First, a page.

So Plan B is to dig up the clay and then let it dry. After that I will grind it (how?) into small pieces — about the size of salt on those yummy hot pretzels — then cast it into the water off the dam just as I did with the expensive Bentonite. If it works as I hope it does, the clay will get drawn into the leaks and then expand to plug them. I have just a little bit more than wishful thinking to let me believe this. I have handled this clay. It makes my skin sting, just as though it is sucking water from my flesh. So maybe, just maybe, it will absorb water after it dries.

The chunks you see above are my experiment. I dug them out more than a week ago, and I plan to visit them on subsequent visits to see how they are drying. When I have a nicely dried chunk, I’ll see if I can pound it to smithereens. Then I’ll throw it in the lake very close to the shore where I can watch it. If it swells as the Bentonite did, then I think I have a plan.

At that point, I would probably hire someone to come in with a large machine to prospect the area and see just how big the deposit is. If there is enuf there, I would try to get some sort of drying and grinding operation going to manufacture the bits I would then throw off the dam.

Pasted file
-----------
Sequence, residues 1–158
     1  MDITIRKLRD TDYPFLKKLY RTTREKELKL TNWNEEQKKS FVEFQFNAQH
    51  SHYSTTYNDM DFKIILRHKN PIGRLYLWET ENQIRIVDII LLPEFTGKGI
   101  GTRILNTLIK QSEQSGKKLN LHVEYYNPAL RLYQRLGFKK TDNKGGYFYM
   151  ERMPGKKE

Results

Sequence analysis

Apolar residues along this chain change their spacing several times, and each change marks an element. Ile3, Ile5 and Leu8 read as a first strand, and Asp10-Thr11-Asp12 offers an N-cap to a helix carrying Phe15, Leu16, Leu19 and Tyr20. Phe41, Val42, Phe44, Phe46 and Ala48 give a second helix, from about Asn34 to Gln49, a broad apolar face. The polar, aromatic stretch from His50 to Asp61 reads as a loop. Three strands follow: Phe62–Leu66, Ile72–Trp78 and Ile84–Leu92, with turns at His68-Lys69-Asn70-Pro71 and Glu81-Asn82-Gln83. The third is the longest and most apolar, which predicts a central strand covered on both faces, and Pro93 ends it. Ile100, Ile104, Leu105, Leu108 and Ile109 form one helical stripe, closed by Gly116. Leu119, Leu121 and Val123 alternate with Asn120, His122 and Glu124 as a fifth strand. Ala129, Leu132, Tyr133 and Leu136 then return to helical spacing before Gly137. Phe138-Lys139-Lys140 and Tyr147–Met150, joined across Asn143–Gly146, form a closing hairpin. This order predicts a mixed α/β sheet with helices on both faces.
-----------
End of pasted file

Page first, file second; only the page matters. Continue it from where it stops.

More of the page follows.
As a bonus to all of this, I think I could make my quarry site into a pond. The clay bottom would help ensure that the water it captures doesn’t soak into the ground, and though it may not stay full most of the year, it might provide some benefit to the critters. (This was the place where I managed to snap a picture of a crawdad last spring.) It’s a bit complicated though. This spot is literally ten feet from my southern boundary. The ground to the north rises quickly. Thus there isn’t a whole lot of space for a big pond. But I think something could be done.

Missouri calendar:

  • Rosh Hashanah
  • Pawpaw fruites ripen.
  • Katydids sing in the trees at night.

Today in Missouri history:

  • The St. Louis Browns moved to Baltimore and became the Orioles on this date in 1953. The Browns, in various incarnations, had their ups and down including once putting a midget at bat and having a one-armed outfielder. They were the team that made St. Louis famous as “first in shoes, first in booze, and last in the American League.”